With so much of business done on the go and salespeople living and working across the globe, it’s only natural that the future of sales management technology lies in most people’s pockets or purses.
There are a wide variety of mobile applications to show what is going on through the supply chain that can be run through mobile business intelligence apps, said Kevin Benedict, an analyst, blogger, consultant and SAP Mentor volunteer in Boise, Idaho.
“Once the products are in production, you have the ability to feed tracking information to clients,” he said.
GPS is also coming to the forefront of
It has also eliminated the need for delivery personnel to get a signature, since GPS and proof of delivery apps can time-stamp an order. When a signature is requested, it can be seen immediately.
“It’s associated with the database record and synced back to headquarters,” he said. “Within seconds of delivering the package, a customer can go in and see who signed the portal, the date and time and GPS of the signature.”
Most of the mobile technology has been focused on smartphones, but one brand-new area for mobile sales management technology is tablets like the iPad and Motorola Xoom. They are easily portable and less bulky than laptops, but have a larger screen than a phone, allowing more data to be displayed.
“Everybody is looking at tablets today, and they’re looking at tablets because they really open up a new market,” Benedict said.
Sales management software is also tapping into social media as a way to do business.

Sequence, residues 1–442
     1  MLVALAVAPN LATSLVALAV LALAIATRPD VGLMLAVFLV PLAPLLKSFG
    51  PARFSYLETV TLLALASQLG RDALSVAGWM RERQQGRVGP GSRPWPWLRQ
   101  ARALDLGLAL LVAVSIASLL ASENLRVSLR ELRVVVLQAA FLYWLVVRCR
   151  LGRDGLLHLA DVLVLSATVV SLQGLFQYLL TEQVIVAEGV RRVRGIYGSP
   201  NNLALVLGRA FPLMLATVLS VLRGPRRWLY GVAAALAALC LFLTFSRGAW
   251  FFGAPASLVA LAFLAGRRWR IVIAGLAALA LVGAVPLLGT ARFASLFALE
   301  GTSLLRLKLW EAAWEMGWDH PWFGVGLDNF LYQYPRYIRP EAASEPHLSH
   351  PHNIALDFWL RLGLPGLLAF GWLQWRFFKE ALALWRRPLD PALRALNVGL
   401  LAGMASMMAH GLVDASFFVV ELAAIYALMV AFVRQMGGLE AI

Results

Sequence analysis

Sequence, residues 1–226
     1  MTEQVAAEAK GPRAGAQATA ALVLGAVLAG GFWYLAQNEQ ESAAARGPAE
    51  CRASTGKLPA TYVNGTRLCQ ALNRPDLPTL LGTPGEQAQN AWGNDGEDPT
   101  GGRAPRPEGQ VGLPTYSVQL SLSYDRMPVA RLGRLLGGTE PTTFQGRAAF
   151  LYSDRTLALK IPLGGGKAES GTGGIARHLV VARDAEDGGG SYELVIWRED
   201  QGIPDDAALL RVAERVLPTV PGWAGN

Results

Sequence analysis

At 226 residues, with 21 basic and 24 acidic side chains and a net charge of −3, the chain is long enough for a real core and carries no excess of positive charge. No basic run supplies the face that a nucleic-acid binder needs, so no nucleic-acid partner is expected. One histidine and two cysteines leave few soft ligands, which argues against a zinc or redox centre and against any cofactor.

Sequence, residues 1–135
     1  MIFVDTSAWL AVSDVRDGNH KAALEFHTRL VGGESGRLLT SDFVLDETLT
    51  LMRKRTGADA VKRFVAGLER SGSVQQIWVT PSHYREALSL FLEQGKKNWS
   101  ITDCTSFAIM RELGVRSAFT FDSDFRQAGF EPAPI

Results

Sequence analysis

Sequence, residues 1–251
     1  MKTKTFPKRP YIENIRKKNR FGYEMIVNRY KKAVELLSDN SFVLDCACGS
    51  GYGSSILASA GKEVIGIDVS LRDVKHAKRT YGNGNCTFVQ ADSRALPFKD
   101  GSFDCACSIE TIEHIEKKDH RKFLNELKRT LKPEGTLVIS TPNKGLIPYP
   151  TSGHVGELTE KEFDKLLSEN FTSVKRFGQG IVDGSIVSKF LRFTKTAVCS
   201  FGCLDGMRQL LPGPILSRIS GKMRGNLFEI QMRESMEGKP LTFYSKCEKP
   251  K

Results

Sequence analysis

SAP’s competitor in the CRM market, Salesforce.com, has launched Chatter, a collaboration tool that gives users a secure, personal social network on which they can share confidential data, compile groups and follow others. It is useful after the order is completed, so everyone is in the loop as to how the sale ended up.
SAP has also released a collaboration tool, called Streamwork, that it has begun integrating with SAP CRM, product lifecycle management and governance risk and compliance.
“It gives you the ability, basically, to have a social group of individuals all talk about the same sales account so that everybody who is touching that account can collaborate more closely,” Benedict said.
For example, a salesperson on a soap account can talk to people in customer service, advertising, a sales manager and an engineer and add them to a group.
“All the conversations in that group would be shared with everybody who is added and work together,” Benedict said. “It sounds simple, but people haven’t done that before.”